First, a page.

The Importance of Keeping your Company Real

Today’s topic is going to be about keeping your company authentic. For those of you who have read my previous blog postings, you know that I value companies that welcome individuality and are open to innovative ideas. Also, I enjoy companies that seem to be a little more human and a little less business. Although I’ve mentioned these values a few times throughout my writing, I haven’t fully given you an explanation of why I feel this way. This posting will let me shed some light on the subject.

Allowing your employees to be more like themselves can increase productivity. Have you ever worked at a company that had strict criteria on how the employees were to represent themselves? You need to say the right things, write e-mails with a certain professional tone, and make sure your shirt doesn’t have a single wrinkle. Of course, some organizations need this level of professionalism to gain trust from their clients but too much of it can hinder performance. If your employees don’t naturally do these things, then they have to use their mental capacity to train themselves to do it. Training yourself to be something against your nature for 40+ hours a week can be exhausting. Not to mention, the effort you’re putting towards doing that is taking away from your work.

Your employees will be happier. I’m not perfect, but neither is anyone else. To work for an organization that requires constant perfection can be extremely stressful. Life happens, we’re human, and people make honest mistakes. To work for a company that leaves no room for mistakes can cause employees to worry and doubt every little thing they do. I don’t know about you, but I don’t want to spend a good portion of my day scared that the next thing I say or do will be my last at the company. That’s just a miserable way to go about life and eventually it will wear on them, both inside and outside of the workplace. Their unhappiness may start to reflect in the quality of their work.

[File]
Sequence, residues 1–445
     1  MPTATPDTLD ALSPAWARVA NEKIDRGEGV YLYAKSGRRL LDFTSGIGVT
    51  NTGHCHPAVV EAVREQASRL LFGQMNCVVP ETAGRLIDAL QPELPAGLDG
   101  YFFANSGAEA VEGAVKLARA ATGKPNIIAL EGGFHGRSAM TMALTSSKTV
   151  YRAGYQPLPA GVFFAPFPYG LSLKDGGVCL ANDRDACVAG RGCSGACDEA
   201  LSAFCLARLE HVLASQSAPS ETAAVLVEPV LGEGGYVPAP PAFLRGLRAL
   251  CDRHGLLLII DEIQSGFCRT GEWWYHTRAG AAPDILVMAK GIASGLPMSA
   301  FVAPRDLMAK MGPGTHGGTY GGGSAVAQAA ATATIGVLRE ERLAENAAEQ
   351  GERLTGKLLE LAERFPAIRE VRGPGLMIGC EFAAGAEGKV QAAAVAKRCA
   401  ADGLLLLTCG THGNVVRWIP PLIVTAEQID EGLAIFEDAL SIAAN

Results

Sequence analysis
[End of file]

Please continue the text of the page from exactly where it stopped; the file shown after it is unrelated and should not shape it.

Employees will feel more comfortable about offering ideas and suggestions. If your company was a little more open, a little less stuffy, and a little less strict, your employees may feel more comfortable offering contributing proposals during meetings. Creating an open and welcoming atmosphere can make employees feel better about freely expressing opinions, new ideas, and suggestions. If you don’t create this environment, employees could feel less inclined to speak up and you could potentially miss something of value.

Individualism can produce original solutions. I think some of the best companies I worked for are the ones that celebrate the individual and encouraged them to produce inventive ideas to demonstrate to the company. Employees loved the fact that they could use their personal experience and knowledge to present these suggestions. They gained a sense of accountability and became more engaged in the company’s well-being. Additionally, they found the company’s willingness to listen, consider, and offer feedback about these ideas to be motivating. They appreciated a company that offered this participative communication structure rather than companies dictating how things would be and expecting employees to follow without question.